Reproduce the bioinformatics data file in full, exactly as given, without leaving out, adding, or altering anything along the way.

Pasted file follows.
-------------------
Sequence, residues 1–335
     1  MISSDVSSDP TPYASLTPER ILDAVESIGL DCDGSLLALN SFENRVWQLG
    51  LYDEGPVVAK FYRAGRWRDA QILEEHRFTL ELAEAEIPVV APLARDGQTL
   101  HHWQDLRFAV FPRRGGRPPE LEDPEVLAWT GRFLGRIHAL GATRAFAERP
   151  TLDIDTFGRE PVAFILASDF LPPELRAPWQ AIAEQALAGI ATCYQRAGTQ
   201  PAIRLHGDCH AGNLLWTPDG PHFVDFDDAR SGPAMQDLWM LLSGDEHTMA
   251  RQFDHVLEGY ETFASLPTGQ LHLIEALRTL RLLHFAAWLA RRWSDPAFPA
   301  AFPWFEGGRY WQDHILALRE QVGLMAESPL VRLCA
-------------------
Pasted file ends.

Sequence, residues 1–335
     1  MISSDVSSDP TPYASLTPER ILDAVESIGL DCDGSLLALN SFENRVWQLG
    51  LYDEGPVVAK FYRAGRWRDA QILEEHRFTL ELAEAEIPVV APLARDGQTL
   101  HHWQDLRFAV FPRRGGRPPE LEDPEVLAWT GRFLGRIHAL GATRAFAERP
   151  TLDIDTFGRE PVAFILASDF LPPELRAPWQ AIAEQALAGI ATCYQRAGTQ
   201  PAIRLHGDCH AGNLLWTPDG PHFVDFDDAR SGPAMQDLWM LLSGDEHTMA
   251  RQFDHVLEGY ETFASLPTGQ LHLIEALRTL RLLHFAAWLA RRWSDPAFPA
   301  AFPWFEGGRY WQDHILALRE QVGLMAESPL VRLCA